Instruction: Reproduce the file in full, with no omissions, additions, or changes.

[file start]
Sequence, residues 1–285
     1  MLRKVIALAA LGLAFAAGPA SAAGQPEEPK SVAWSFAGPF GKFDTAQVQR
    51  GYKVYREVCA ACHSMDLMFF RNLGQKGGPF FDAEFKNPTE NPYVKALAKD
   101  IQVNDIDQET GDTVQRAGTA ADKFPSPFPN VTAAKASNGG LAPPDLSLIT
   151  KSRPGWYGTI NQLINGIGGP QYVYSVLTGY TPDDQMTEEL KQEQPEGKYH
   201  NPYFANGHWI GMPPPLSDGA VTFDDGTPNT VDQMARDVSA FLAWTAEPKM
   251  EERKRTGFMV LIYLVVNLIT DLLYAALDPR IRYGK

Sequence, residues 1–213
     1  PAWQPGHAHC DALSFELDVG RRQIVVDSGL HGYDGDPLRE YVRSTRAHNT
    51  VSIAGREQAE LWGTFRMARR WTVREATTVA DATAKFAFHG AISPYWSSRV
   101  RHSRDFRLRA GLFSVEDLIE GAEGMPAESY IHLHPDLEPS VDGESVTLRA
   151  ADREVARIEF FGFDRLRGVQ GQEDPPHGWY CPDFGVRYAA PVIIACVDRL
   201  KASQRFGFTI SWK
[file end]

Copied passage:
Sequence, residues 1–285
     1  MLRKVIALAA LGLAFAAGPA SAAGQPEEPK SVAWSFAGPF GKFDTAQVQR
    51  GYKVYREVCA ACHSMDLMFF RNLGQKGGPF FDAEFKNPTE NPYVKALAKD
   101  IQVNDIDQET GDTVQRAGTA ADKFPSPFPN VTAAKASNGG LAPPDLSLIT
   151  KSRPGWYGTI NQLINGIGGP QYVYSVLTGY TPDDQMTEEL KQEQPEGKYH
   201  NPYFANGHWI GMPPPLSDGA VTFDDGTPNT VDQMARDVSA FLAWTAEPKM
   251  EERKRTGFMV LIYLVVNLIT DLLYAALDPR IRYGK

Sequence, residues 1–213
     1  PAWQPGHAHC DALSFELDVG RRQIVVDSGL HGYDGDPLRE YVRSTRAHNT
    51  VSIAGREQAE LWGTFRMARR WTVREATTVA DATAKFAFHG AISPYWSSRV
   101  RHSRDFRLRA GLFSVEDLIE GAEGMPAESY IHLHPDLEPS VDGESVTLRA
   151  ADREVARIEF FGFDRLRGVQ GQEDPPHGWY CPDFGVRYAA PVIIACVDRL
   201  KASQRFGFTI SWK